The Pulse Survey is a collaborative data-collection effort designed to help stakeholders understand the conditions affecting the families of vulnerable children ages 0-5 in Battle Creek, with the intent of exploring and improving the delivery of health, education, and financial services and supports to those families. The survey was developed by the System exChange Team at MSU, BC Pulse, and an advisory committee representing organizations providing health, education, and financial services and supports in the Battle Creek community.
The Pulse Survey was launched in summer 2014; data was collected from 574 vulnerable families across 14 data collection sites in Battle Creek. The survey was designed around the community problem solving framework: a framework that reflects the ways key community conditions (e.g., service quality and accessibility, responsive providers, community mindsets, service coordination) contribute to individuals’ and families’ attitudes, knowledge, skills, and behaviors. The specific areas of interest within this framework were identified by members of the local advisory committee to guide the design and use of the survey.
Because past data collection efforts often obscured the inequities within Battle Creek, the Pulse Survey was intentionally designed to understand where and how disparities emerge. By oversampling vulnerable families of color, we ensured a sufficient sample size within each subgroup to allow us to conduct multiple subgroup comparisons on our targeted outcomes. Overall, this approach resulted in great insight about how specific populations differentially experience the system and success. Future Pulse Surveys will continue this practice, allowing participating partners to learn more about how disparities play out in the service delivery system and how to address them collectively.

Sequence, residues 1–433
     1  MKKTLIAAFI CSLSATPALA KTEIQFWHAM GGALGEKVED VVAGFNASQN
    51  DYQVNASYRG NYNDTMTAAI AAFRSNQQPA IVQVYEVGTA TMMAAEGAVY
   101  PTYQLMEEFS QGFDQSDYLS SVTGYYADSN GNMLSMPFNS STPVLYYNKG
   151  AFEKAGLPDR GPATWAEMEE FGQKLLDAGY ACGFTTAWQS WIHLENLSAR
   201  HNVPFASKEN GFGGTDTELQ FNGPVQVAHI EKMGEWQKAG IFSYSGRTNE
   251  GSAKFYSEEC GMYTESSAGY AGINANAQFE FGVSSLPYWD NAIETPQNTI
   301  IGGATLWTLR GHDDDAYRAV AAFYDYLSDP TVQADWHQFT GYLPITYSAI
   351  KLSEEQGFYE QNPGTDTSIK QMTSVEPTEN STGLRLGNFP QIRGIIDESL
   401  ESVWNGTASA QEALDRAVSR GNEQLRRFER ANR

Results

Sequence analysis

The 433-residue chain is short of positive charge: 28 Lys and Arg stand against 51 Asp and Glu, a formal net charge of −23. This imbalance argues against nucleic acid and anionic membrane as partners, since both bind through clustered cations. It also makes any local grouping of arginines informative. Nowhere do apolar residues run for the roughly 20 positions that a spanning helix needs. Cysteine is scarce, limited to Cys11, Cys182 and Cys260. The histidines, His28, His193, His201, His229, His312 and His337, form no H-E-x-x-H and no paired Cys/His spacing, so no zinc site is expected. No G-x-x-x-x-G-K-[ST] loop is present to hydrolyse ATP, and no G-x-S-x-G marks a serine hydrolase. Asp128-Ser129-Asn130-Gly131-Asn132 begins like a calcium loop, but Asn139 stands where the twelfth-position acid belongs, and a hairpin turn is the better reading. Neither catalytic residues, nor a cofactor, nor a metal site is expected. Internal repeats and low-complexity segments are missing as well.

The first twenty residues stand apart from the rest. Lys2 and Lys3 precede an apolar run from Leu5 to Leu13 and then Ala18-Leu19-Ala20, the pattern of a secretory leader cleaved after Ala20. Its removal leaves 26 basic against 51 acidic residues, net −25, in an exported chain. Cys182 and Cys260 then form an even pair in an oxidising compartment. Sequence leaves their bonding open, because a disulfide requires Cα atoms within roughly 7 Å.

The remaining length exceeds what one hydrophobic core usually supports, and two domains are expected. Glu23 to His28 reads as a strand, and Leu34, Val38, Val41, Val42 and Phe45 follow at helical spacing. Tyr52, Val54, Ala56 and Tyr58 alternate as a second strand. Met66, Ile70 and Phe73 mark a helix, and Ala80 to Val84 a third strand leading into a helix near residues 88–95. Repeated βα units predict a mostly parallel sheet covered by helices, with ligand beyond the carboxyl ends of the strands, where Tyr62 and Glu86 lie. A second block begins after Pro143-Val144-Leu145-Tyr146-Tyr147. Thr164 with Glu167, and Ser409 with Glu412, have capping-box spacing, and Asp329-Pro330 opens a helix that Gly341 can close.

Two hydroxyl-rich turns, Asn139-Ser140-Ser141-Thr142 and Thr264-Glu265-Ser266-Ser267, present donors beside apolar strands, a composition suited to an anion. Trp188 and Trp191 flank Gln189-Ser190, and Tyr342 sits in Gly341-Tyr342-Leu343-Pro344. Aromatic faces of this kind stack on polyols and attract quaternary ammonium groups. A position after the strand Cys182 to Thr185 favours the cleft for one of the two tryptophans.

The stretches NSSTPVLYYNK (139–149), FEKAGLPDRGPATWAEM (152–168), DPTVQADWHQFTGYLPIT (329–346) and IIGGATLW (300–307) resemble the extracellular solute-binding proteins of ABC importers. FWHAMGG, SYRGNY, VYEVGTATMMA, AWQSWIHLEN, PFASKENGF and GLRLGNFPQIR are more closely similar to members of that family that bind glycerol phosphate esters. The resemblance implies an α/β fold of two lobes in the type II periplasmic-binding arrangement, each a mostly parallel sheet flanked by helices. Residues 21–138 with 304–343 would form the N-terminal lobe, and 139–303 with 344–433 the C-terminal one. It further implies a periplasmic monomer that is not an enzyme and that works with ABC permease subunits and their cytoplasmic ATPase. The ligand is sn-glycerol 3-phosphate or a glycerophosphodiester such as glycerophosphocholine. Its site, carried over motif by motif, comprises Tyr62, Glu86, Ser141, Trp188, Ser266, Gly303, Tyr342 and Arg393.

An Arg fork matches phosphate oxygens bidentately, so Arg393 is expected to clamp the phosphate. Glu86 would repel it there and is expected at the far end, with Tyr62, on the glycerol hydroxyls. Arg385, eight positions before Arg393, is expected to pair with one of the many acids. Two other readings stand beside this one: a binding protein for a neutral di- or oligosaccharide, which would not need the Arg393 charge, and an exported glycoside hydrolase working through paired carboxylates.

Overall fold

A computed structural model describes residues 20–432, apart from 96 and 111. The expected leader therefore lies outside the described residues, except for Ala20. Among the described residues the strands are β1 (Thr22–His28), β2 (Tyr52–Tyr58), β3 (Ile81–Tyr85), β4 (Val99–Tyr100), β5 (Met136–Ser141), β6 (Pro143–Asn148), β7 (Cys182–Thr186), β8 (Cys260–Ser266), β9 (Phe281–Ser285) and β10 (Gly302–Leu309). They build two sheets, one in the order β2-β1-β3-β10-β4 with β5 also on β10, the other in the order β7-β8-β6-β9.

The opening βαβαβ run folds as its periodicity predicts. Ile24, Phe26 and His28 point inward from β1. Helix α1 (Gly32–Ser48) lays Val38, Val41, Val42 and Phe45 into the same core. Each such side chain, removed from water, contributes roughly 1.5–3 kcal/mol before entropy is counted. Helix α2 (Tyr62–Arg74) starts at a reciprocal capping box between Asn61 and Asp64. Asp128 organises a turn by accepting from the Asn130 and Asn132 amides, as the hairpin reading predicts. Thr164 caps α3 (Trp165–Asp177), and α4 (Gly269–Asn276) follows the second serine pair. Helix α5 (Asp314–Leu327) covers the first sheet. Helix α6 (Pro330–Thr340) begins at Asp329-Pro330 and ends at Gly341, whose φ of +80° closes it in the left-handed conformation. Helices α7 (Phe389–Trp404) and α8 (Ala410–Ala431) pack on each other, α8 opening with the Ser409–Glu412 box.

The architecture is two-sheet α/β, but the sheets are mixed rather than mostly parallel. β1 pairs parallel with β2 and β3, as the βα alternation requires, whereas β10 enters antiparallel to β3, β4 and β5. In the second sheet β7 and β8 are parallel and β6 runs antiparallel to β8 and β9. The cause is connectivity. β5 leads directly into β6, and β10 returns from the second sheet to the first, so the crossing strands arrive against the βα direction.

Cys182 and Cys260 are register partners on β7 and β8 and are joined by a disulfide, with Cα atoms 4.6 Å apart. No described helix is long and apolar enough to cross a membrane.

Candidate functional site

On November 6, 2014, the first round of data was released for community conversation. During two 3.5 hour sessions, stakeholders associated with the Impact Academy and the Action Learning Groups reviewed key findings, paying particular attention to areas where different groups were having significantly different experiences in seeking positive outcomes for their children or families.